Kinda crazy, but somehow they let me stay
- Jun 25, 2021
- Reaction score
- NC, U.S.A
my KH is 13 and my GH is 3... I may test them again though just to be sureDid you get to the root cause of your high PH source water? Whilst I agree a stable PH is better than one artificially lowered in terms of stability, I do feel T.espei would be better suited to more neutral/slightly acidic waters, though tank bred specimens bred locally to you will probably tolerate water parameters slightly outside of their preferred a little better. PH is only one aspect though, GH and KH are more important (particularly the former)
Have you considered choosing a more suitable species in terms of water chemistry? I don't recall the volume of your tank but given your high PH it is probable your water is high in mineral content and considered hard (do you know your GH and KH). African cichlids, rainbow fish and live bearers would be more suited.
I may call up my LPS to see what their PH runs atJust to clarify... A pH above 7 is not the best for the rasbora, they come from acidic waters and the pH can be very low. If memory serves me, I believe the peacock gudgeon has a range from slightly acidic to slightly basic. That deals with the habitats and the obvious preferences "best" for these fish. It is still the GH that matters most, and the GH here is around 3 dH which is very soft, so no problem there.
Fish adaptability to a different pH is a debatable topic, and I do not like to get embroiled in it, as there are a number of relevant factors and it gets complex to say the least. It is certainly true that a stable pH is less problem for the fish than one that is jumping around from attempts (usually unsuccessful) to adjust it.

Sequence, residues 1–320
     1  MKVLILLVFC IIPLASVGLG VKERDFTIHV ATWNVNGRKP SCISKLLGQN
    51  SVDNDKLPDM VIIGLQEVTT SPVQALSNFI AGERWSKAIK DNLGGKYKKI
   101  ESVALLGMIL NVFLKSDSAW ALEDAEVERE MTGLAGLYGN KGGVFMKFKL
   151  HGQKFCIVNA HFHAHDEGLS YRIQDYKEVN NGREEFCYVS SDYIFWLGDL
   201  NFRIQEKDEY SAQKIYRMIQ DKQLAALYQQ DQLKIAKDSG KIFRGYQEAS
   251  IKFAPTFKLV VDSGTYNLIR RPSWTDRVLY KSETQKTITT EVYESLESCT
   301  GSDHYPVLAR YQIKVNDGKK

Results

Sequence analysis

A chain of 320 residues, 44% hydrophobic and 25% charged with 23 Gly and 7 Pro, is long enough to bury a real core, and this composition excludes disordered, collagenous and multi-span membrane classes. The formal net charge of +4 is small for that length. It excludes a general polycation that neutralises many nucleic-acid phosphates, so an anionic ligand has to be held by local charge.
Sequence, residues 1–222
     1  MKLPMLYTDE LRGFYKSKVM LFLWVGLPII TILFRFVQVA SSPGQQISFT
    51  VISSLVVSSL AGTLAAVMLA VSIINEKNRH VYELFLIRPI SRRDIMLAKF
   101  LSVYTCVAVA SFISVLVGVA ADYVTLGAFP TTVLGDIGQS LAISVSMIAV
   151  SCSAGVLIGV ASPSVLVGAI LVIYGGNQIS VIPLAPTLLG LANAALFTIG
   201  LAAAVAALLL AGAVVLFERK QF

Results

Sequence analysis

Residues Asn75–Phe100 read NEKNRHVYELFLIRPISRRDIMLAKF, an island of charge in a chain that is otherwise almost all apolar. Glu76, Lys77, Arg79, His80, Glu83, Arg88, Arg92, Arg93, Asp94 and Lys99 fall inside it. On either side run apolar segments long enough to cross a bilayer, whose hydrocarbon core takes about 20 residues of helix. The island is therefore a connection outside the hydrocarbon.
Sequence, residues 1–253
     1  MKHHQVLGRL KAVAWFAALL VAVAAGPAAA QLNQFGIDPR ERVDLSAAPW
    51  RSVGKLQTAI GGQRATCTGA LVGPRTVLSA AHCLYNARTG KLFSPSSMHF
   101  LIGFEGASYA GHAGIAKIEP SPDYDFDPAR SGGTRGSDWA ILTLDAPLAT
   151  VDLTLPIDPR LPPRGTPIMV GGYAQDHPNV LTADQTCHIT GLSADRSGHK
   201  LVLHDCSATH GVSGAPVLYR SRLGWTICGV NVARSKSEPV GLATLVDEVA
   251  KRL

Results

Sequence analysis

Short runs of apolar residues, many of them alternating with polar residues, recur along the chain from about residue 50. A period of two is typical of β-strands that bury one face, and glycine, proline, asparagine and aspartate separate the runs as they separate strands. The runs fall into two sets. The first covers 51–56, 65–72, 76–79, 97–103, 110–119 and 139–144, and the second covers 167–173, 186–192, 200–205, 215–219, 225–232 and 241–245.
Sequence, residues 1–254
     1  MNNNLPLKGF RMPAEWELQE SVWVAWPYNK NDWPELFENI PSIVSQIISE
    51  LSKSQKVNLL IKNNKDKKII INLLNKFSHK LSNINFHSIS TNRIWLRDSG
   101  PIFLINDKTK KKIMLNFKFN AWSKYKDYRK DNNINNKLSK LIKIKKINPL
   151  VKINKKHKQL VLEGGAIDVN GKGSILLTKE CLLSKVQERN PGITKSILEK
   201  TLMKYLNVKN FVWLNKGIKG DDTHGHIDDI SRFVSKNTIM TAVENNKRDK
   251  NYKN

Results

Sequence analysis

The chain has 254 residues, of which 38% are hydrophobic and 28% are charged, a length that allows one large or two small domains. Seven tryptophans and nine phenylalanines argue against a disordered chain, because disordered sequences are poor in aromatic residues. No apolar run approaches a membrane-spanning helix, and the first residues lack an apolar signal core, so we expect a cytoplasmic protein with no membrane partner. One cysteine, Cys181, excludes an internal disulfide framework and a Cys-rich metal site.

So did I just waste all my money and my parents' money?Simply there are few species of freshwater fish that should be kept in a tank with a pH of 8.2
I may call up my LPS to see what their PH runs at
true... so be honest and dont sugar coat it... Was this a waste of time and effort?OK, but that tells you nothing of value. Any fish will (or usually does) manage in less-than-preferred water parameters for a few weeks. Most fish stores do little if anything to adjust their basic water for all the differing requirement fish they stock, but they intend to get rid of the fish within days or weeks. It is permanent living in your water that is going to affect (or not, depending) the life of the fish.
well, my problem is... I dont have a lot more space for any plants... I cant add anything elseYour solution is to fill the tank with plant and driftwood and get as much organic activity happening in your tank as you can. Do only very small water changes of none at all on this system until you see the pH down below 7.
I could try peat moss and almond leaves maybeYour solution is to fill the tank with plant and driftwood and get as much organic activity happening in your tank as you can. Do only very small water changes of none at all on this system until you see the pH down below 7.
Will do that, somehow you need to get some organic waste into your tank to start and produce acid, which will in turn lower your pH. No water changes though.I could try peat moss and almond leaves maybe